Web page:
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Diversified revenues spell success.

Diversified Revenues Spell Success

Tapping several sources has brought financial solvency to the American Correctional Association. Can it do the same for you?

It probably was the best thing that could have happened to us, but at the time it sure didn't seem like it. Overnight, the American Correctional Association (ACA), Laurel, Maryland, unexpectedly lost 55 percent of its gross revenue when the group's major source of funding was cut off. The loss, occurring in 1980, totaled almost $500,000.

The agony of dependency

Charged with promoting the professional development of people working in all areas of corrections and shaping national correctional policy, ACA serves nearly 24,000 members. In 1980 the federal government disbanded the Law Enforcement Assistance Administration (LEAA) of the Department of Justice, which ACA depended on for indirect cost reimbursement fees associated with federal grants. Unfortunately, ACA had several of these grants with LEAA. Unlike many other nonprofit organizations that rely heavily on dues revenue, ACA to this point had relied heavily on indirect cost reimbursement. In fact, at least half of the approximately 40 staff members working at ACA in 1980 worked solely on grants, rather than on association activities.

With our major funding source gone, we faced agonizing decisions and immediate staff and expense cutbacks. For two years, the going was tough, and ACA lost a lot of money.

But this difficult situation accomplished one important thing. It forced us to produce alternative revenue sources in order to survive. ACA leaders, in keeping with the association's long-range plan, decided that no single revenue source would exceed 25 percent of gross revenues. In 1990 we met that goal. The association's gross-revenue budget increased from less than $1 million in 1979 to more than $7 million in 1990. In addition, indirect cost reimbursement revenues now represent less than 5 percent of gross revenues. And the staff size has actually grown. Today, most of our 85 staff members work on diverse association activities, while only about 10 do grants work. Because of a strategic plan that stressed innovation and diversity, ACA had turned disaster into financial solvency through a variety of successful member programs and services.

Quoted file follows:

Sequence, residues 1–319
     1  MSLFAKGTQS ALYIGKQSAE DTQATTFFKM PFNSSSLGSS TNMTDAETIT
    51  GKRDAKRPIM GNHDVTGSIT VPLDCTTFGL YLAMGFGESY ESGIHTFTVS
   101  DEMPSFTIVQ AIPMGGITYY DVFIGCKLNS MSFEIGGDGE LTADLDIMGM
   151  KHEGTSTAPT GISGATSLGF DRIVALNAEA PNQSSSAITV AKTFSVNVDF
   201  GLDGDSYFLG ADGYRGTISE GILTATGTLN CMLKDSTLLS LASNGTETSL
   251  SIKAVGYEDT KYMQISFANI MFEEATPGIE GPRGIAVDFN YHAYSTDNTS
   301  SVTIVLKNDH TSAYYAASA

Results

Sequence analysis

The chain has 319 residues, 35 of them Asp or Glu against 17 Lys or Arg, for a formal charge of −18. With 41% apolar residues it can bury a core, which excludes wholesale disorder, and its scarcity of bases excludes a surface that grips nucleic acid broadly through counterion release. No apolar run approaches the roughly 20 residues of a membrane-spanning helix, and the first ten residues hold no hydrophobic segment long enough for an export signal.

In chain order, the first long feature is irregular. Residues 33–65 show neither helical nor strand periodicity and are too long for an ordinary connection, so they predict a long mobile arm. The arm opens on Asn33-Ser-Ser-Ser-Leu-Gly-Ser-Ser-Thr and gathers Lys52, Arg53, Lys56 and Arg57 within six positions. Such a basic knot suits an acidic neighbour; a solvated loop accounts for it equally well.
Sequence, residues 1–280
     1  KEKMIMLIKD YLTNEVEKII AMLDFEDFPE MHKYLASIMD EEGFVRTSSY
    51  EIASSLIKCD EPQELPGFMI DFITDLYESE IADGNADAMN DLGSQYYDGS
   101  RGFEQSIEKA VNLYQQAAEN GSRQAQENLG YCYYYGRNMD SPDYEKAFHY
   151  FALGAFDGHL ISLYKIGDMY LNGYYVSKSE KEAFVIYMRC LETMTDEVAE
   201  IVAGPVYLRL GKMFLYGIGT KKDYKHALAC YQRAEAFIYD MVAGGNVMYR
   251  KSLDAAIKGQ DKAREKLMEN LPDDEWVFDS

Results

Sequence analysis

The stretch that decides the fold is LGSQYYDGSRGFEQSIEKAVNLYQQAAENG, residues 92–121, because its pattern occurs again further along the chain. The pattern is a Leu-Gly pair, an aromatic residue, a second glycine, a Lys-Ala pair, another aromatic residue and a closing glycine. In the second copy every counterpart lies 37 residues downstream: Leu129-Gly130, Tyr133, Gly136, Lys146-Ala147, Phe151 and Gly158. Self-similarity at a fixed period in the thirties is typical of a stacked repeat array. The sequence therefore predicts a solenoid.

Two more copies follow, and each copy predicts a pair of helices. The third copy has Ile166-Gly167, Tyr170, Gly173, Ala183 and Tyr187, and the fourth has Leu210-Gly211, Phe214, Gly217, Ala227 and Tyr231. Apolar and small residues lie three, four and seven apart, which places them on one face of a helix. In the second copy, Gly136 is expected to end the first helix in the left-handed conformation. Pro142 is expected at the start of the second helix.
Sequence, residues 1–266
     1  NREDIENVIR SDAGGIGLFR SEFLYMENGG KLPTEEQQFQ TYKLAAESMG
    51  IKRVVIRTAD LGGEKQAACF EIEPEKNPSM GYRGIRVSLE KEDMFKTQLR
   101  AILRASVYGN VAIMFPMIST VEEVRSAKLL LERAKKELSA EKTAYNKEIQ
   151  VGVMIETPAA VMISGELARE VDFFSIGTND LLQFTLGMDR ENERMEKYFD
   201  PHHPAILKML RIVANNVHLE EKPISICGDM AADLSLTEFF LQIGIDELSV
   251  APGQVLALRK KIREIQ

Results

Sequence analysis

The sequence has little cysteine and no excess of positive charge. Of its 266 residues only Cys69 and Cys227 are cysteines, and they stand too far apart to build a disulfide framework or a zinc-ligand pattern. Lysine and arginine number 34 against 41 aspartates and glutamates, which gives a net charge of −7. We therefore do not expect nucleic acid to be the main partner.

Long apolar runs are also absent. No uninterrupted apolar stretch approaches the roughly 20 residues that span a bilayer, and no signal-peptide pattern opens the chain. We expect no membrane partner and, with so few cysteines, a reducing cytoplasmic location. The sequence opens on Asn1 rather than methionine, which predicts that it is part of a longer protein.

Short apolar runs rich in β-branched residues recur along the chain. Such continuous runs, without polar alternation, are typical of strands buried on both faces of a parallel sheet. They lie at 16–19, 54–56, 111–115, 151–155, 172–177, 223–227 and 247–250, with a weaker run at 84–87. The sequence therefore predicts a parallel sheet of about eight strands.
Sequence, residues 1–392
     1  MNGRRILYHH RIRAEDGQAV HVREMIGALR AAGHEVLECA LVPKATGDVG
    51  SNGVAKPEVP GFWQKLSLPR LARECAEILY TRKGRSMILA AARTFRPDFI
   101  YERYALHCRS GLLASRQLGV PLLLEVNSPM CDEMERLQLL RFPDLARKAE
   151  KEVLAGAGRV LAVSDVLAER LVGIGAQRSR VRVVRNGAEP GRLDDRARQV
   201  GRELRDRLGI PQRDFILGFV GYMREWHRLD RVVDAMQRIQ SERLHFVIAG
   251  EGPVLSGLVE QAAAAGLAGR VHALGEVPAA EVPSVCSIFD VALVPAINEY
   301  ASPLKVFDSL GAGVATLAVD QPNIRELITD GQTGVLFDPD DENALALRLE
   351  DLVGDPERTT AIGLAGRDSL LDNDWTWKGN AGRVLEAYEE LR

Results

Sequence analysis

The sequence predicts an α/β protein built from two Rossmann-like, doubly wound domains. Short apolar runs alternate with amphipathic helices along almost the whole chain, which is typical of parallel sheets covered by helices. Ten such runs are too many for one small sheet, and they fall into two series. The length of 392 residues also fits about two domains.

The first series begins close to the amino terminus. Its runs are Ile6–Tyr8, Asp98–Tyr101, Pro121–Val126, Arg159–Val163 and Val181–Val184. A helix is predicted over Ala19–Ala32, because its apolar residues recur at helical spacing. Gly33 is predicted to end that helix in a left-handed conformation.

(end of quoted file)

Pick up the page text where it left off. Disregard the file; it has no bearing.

The planning mechanism

A key tool in our turnaround has been our planning mechanism, an integral part of ACA's budget and budget-monitoring process.

The planning process encourages the association's five department directors to think creatively when submitting their initial budget proposals. This is because new revenue sources and creative ways to market existing sources diversify and increase ACA's overall revenues. During the 1980 crisis, ACA's survival depended on such innovative planning to raise funds and cut expenses. During that time, ACA's leaders investigated and improved eight specific areas of the association's operations to ensure adequate diversification of revenue sources. By doing so, we hoped to avoid a recurrence of 1980's financial problems. What follows summarizes the successful outcome of those efforts.

Insurance. As part of its member benefits package, prior to 1980 ACA had insured individual members for $6,000 in accidental death and dismemberment insurance. In 1979 the premium cost ACA $2.20 per member, or about $24,000 per year, but a claims review indicated that the association was averaging only zero or one claim per year. This claims history allowed us to self-insure with a $24,000 stop-loss policy, an arrangement under which ACA would be responsible for the first four claims per year, after which our insurance company would be liable. As a result, our premiums were reduced 86 percent to 30 cents per member. Even with an occasional claim, ACA's expense for this benefit was reduced by $1.90 per member, for an average savings of $32,000 per year or about $300,000 over the past 10 years.

Correspondence courses. During the 1980s, one of our directors felt strongly that selling correspondence courses would be a successful means to earn money. Indeed, ACA surveys and market analysis indicated a clear need in the corrections field for inexpensive, ongoing training, particularly for line, or nonmanagerial, staff. In response, we produced the first correctional-officer's correspondence course in 1983.